Thursday, 28 October 2021


Japanese researchers design water-soluble warped nanographene

13 February 2018 | News

The new structure is biocompatible, but upon irradiation it kills its host cell.

Image credit- nanographene.org

Image credit- nanographene.org

A team of scientists at Nagoya University, Japan has introduced substituted warped nanographene, which is soluble in a broad range of solvents while maintaining its photophysical properties. 

Graphene and its nano-sized little sibling, nanographene, are well known for their remarkable photoelectronic properties. However, biomedical applications are hampered by the insolubility of the materials, especially in water.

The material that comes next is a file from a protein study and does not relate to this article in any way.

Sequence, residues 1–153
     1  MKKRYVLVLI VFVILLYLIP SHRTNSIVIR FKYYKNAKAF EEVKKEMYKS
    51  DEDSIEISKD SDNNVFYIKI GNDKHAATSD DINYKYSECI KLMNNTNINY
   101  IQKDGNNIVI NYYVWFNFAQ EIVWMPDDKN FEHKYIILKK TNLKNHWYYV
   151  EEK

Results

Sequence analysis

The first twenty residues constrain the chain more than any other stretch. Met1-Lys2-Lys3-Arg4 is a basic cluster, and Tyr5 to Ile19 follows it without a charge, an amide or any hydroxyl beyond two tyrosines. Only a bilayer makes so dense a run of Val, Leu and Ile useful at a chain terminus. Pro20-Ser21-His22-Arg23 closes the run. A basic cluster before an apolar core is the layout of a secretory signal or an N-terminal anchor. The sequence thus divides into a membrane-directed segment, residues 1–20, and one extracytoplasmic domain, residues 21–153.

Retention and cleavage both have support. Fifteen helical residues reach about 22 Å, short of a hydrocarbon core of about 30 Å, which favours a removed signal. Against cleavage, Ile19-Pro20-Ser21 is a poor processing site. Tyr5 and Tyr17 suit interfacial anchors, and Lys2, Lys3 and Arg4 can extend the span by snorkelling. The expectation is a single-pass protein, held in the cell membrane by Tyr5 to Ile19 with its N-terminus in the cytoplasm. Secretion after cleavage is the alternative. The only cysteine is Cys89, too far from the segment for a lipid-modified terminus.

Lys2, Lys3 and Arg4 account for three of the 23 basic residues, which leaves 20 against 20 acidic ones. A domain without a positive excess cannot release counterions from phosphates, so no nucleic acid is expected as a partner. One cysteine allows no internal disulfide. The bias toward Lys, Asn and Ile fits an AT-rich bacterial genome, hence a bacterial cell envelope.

The new structure is biocompatible, but upon irradiation it kills its host cell. This effective photosensitization behavior could inspire future research in photodynamic cancer therapy. 

These second-generation nanographenes combine the remarkable optoelectronic properties of graphene with biocompatibility. The researchers believe that these nanographenes may well play a future role in bioimaging, photodynamic therapy, and similar applications.

 

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